Microsatellite loci were isolated following the PIMA (PCR-based isolation of microsatellite arrays) method of Lunt et al. , modified by Seyoum et al. . Nuclear DNA (nDNA) was first purified from liver tissue from a single sheepshead via density-gradient ultracentrifugation  to minimize competition with mitochondrial DNA during random amplified polymorphic DNA (RAPD) PCRs. RAPD PCRs were conducted in 50-µl reactions containing 15–25 ng of the purified DNA, 50 μM of dNTP mix, 0.25 μl of 0.1–mg/ml BSA; two or three primers randomly chosen from a set of 120, 10-mer RAPD primers (Qiagen Operon Inc.); 5 μl of Taq polymerase buffer (10×), 2.5 mM MgCl2 (Promega, final concentration); and 1.25 units of Go Taq DNA polymerase (Promega Corporation). The reaction profile was 94 °C for 2 min, 30 × (94 °C for 40 s, 35 °C for 40 s, 72 °C for 45 s), and final extension at 72 °C for 30 min. The purified PCR products (Agilent Technologies) were T-A cloned  into plasmid vectors Bluescript PBC KS-Agilent Technologies) that had been tailed with homemade dTTP . About 50 recombinant colonies from each of the PCR products were screened by performing PCR (12.5 μl total reaction volume) containing T3 and T7 vector primers and four repeat-specific primers (5′-[AC]10-3′, 5′-[AG]10-3′, 5′-[AGC]5-3′, 5′-[ACT]12-3′). Here, the reaction profile was 94 °C for 2 min, 35 × (94 °C for 30 s, 55 °C for 30 s, 72 °C for 30 s), and final extension 72 °C for 7 min. The PCR products of the clones were run through a 1.5 % low-EEO agarose gel. Colonies that showed two or more bands were further amplified using only the vector primers, the products gel-purified and then cycle-sequenced from both directions using BigDye (version 3.1; Applied Biosystems), and the sequencing products visualized on an Applied Biosystems Prism™ 3130-Avant Genetic Analyzer. Primers were designed for candidate loci using OligoPerfect (Thermo Fisher Scientific); annealing temperature was adjusted to 58–60 °C and fragment size to three categories, 95–115, 125–165, and 185–250, to facilitate multiplex PCR and minimize overlapping of fragment sizes during visualization. Multiplex PCR amplifications for each specimen were carried out in an Eppendorf thermal cycler containing 50–100 ng of total DNA and three optimally selected primers, each forward primer labeled with a unique fluorescent dye. The multiplex PCR reaction consisted of a step-down profile and was as follows: 94 °C for 2 min, 5 × (94 °C for 45 s, 61 °C for 45 s, 72 °C for 45 s); 8 × (94 °C for 40 s, 59 °C for 40 s, 72 °C for 40 s); 10 × (94 °C for 35 s, 57 °C for 35 s, 72 °C for 35 s) 12 × (94 °C for 30 s, 55 °C for 30 s, 72 °C for 30 s) and a final extension at 72 °C for 15 min. The fragments were visualized on an ABI 3130 XL genetic analyzer and genotyped using GeneMapper (version 4.0, Applied Biosystems Inc.). For fragment assays, we used a Gene Scan-500 ROX-labeled size standard.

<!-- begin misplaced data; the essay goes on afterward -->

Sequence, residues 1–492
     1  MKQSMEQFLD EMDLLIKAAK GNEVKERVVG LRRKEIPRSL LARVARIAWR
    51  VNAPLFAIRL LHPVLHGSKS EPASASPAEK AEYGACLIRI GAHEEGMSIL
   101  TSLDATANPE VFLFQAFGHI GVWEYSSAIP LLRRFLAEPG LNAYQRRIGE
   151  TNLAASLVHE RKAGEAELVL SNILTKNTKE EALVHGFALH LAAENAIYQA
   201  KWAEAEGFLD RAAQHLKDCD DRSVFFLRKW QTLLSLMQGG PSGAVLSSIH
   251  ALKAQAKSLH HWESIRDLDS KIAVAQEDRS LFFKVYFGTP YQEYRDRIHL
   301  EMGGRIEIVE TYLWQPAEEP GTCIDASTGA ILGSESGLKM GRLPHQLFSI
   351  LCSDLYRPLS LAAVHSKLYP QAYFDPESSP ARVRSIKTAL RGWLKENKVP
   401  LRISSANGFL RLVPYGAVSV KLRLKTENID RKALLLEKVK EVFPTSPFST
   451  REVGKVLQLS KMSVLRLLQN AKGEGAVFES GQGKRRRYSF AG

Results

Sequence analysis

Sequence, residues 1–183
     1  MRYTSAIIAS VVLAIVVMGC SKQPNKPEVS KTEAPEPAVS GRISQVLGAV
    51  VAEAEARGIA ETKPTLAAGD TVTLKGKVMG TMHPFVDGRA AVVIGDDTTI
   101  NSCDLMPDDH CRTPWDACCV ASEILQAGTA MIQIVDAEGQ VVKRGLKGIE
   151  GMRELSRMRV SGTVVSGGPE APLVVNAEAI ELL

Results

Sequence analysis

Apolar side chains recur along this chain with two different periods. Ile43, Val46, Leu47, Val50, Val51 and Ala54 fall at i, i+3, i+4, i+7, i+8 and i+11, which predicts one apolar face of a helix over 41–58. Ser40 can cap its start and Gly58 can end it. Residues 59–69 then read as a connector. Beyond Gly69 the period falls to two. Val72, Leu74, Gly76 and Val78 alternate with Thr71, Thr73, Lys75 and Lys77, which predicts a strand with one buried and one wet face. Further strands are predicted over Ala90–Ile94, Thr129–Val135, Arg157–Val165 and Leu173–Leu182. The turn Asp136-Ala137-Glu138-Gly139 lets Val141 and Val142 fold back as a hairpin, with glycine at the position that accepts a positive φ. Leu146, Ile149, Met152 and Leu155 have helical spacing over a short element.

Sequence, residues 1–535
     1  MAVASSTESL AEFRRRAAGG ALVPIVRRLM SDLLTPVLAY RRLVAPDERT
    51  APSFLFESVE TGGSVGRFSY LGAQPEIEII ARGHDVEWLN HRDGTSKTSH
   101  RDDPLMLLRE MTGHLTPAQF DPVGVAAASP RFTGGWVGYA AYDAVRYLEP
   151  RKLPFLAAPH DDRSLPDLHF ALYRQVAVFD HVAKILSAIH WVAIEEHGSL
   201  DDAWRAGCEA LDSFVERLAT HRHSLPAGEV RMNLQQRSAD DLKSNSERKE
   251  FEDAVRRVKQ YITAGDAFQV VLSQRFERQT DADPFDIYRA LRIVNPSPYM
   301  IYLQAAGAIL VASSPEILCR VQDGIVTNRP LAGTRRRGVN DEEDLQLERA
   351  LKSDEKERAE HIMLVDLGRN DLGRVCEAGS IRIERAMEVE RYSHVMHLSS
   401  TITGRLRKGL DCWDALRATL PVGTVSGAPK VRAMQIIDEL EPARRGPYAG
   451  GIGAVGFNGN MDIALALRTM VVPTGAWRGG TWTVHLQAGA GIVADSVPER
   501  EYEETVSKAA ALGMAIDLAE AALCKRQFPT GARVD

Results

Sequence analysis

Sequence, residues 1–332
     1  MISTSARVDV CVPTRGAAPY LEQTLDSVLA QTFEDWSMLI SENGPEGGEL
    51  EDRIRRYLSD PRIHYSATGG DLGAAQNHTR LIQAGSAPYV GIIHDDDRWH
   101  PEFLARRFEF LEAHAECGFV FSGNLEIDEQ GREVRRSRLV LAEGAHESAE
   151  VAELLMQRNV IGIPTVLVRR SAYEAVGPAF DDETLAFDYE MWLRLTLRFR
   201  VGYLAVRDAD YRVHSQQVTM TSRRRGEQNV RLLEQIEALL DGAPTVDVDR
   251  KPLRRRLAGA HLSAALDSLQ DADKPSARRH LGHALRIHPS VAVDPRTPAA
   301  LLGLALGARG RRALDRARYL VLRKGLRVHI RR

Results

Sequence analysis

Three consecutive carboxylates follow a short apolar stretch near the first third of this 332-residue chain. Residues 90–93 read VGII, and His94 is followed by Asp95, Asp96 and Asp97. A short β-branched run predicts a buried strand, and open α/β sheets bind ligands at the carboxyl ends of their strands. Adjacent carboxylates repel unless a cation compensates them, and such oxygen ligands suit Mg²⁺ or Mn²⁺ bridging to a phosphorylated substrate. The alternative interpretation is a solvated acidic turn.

We extracted total DNA by using a PureGene DNA isolation kit (Gentra Systems Inc., Minneapolis, MN) according to the manufacturer’s instructions from 57 specimens of sheepshead collected from the Indian River, Florida, and used these samples to screen the markers for polymorphisms (Table 1) for a final genetic population structure and analysis of the morphologically defined subspecies.